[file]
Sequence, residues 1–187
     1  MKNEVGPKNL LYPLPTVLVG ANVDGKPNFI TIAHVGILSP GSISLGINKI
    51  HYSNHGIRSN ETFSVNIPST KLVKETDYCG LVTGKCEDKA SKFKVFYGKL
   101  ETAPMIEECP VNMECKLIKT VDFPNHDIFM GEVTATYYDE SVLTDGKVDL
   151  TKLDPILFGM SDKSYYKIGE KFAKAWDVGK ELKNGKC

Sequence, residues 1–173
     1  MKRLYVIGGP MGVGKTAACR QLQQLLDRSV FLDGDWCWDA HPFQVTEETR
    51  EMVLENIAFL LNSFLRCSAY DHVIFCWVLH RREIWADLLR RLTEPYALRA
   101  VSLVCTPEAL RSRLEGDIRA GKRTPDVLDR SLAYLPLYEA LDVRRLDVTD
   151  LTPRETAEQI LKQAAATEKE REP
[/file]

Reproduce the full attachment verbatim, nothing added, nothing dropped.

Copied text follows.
Sequence, residues 1–187
     1  MKNEVGPKNL LYPLPTVLVG ANVDGKPNFI TIAHVGILSP GSISLGINKI
    51  HYSNHGIRSN ETFSVNIPST KLVKETDYCG LVTGKCEDKA SKFKVFYGKL
   101  ETAPMIEECP VNMECKLIKT VDFPNHDIFM GEVTATYYDE SVLTDGKVDL
   151  TKLDPILFGM SDKSYYKIGE KFAKAWDVGK ELKNGKC

Sequence, residues 1–173
     1  MKRLYVIGGP MGVGKTAACR QLQQLLDRSV FLDGDWCWDA HPFQVTEETR
    51  EMVLENIAFL LNSFLRCSAY DHVIFCWVLH RREIWADLLR RLTEPYALRA
   101  VSLVCTPEAL RSRLEGDIRA GKRTPDVLDR SLAYLPLYEA LDVRRLDVTD
   151  LTPRETAEQI LKQAAATEKE REP